In the final chapter of part 1, Byers takes on the rising tide of anti-intellectualism in the Church which is leading to cynicism and worse, to flat out rejection of the Faith. There are real issues with the text, which Byers’ gives some of the more well known which no doubt will be a brick in the wall of a few, and yet many simply do not deal with it. Here, you being to get the picture of the previous chapters, all feeding into one another. Anti-intellectualism causes many of the other preventative measures in Pop Christianity ( experientialism, idealism, etc…) but serves as well as to be the fuel additive for those of who are rushing head long into the wall of our Faith. Byers notes,

Once upon a time in American Christianity, anti-intellectualism was understood as a rejection of the established church. The protests were so successful in the evangelical tradition that today the situation is reversed – intellectualism is now often understood as a rejection of the established church. (p95)

This book should be incorporated into the first semester of a Seminarian’s course load, as at least some of the cynicism which develops – and which should develop – in seminary can be turned into what Byers has labeled as hopeful realism. He is right, after all, that often times those who wake up to the difficulties of the text and Church Tradition generally have no one to lead them on the right path. Byers doesn’t seem himself as that person – of if he does, he doesn’t so ostensibly claim the role for himself – but we get the sense that he knows that such a person is needed.

Part 2 deals with the Biblical Alternatives to Cynicism.

This section of the book is quite different than section one. In this section, Byers is trying to redirect the cynicism of the disillusioned into the biblical model of what he has labeled hopeful realism. This is not a suped-up bible study, but it is a section which deals expressly with biblical examples of how the disillusioned, something which Byers commends, remained apart from the cynics. In doing so, he examines the Ways, as he calls them, and there are four: the Prophet, the Sage, the Tragic Poet, and the Christ. The final chapter deals with the fact that when you (believe that you) have a dead guy burst from the Tomb, alive, into your midst, it must be difficult to remain cynical about the Faith, or even life in general. This, he commends to us, is our strength.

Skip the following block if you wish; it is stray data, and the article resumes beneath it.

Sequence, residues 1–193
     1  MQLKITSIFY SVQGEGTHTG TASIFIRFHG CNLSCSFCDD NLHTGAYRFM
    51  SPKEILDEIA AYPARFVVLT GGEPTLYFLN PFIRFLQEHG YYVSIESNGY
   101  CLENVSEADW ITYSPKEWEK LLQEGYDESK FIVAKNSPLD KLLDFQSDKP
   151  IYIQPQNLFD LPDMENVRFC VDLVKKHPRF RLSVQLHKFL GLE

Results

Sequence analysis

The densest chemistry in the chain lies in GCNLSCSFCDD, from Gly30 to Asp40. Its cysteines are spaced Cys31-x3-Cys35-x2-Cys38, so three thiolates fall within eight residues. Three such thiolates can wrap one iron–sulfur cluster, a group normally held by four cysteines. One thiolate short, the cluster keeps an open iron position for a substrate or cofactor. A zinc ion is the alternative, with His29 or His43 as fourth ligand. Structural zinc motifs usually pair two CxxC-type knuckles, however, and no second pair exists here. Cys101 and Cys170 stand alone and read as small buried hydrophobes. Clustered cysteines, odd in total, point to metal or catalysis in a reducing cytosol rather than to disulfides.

One thing I admire about Byers, is that he isn’t shy to speak his mind, but he does so, especially in relationship to the fact that some of my cynicism may in fact be directed towards God, with humility. That is often missing from those who are trying to work with cynics, and indeed, that view point only serves to push cynics into the abyss of anger. Yet, Byers takes Job and Jeremiah, and others, and doesn’t condemn us for our cynicism, and while stating that it is not the biblical course of thought, shows that others may have slipped that way, and with good cause (120-121). It is the difference, with such as Jeremiah, in our voices, of the prophet and the cynic, in that prophets include disgust and love, whereas the cynic, well, the shrillness is often met only with more shrillness…and growing contempt (p124). This contempt will cause the distance of Jonah (p129) and will eventually lead to a dark place for us who persist on adding our voice to the choir of shrillness.

He notes that the cynic’s trend is,

Among the spiritually cynical, it is in vogue to not care, to be disaffected and disinterested, to laugh at the church rather than to weep for the church. (133)

And he is correct. Further, he notes that those who pursue this cynicism will turn their anguish into anger. (134). He is, again, correct. For the modern disaffected believer, there is the ability to turn from anguish, with our wounds becoming infected simply because we don’t want them healed, to out right anger to God, His Church, and even ourselves. This is not a self-book by any means, but it is a first-aid kit, so to speak.

In the next chapter, he takes on the Way of the Sage, Biblical Wisdom Instead of Cynical Intellectualism. He calls for this wisdom (which is intellectual, to be sure) to be used to teach God’s people about the deceit of Pop Christianity (143). I cannot image this making Byers too popular with the Pop Christianity crowd, but this is his strength. He has been there, in Pop Christianity, in idealism, in cynicism. His take on Proverbs and Job, especially with the thought of the ever-present monsters of Chaos lingering around us (p147) is both enlightening and entertaining (and indeed, Byers’ style is easy to digest), however, I disagree strongly with his attempt to make Ecclesiastes into a book of hopeful realism.

Most critical scholars would remove the final few verses of the book, which was appended later to counter what I believe is cynicism throughout the Preacher’s text. I do not find that the book is about finding ‘simple joys even in the face of the life’s vicissitudes’ (p151) as completely grounded into the text itself. There is no hope for the author of Ecclesiastics (4.1-4), either in this life nor the next. As a matter of fact, there is no such thing as the next life for the ancient author. While Byers attempts to show how even a pessimist may resolve him or herself  descending into the abyss of vanquish, I believe that he would be better served to take this as a canonical witness and how while it was accepted, it simply isn’t replete with an over joyous bond of quotes from the Gospel writers. I do agree that Qoholeth is important to listen to, however, and that indeed, it helps us to actually avoid becoming like the Preacher (p154).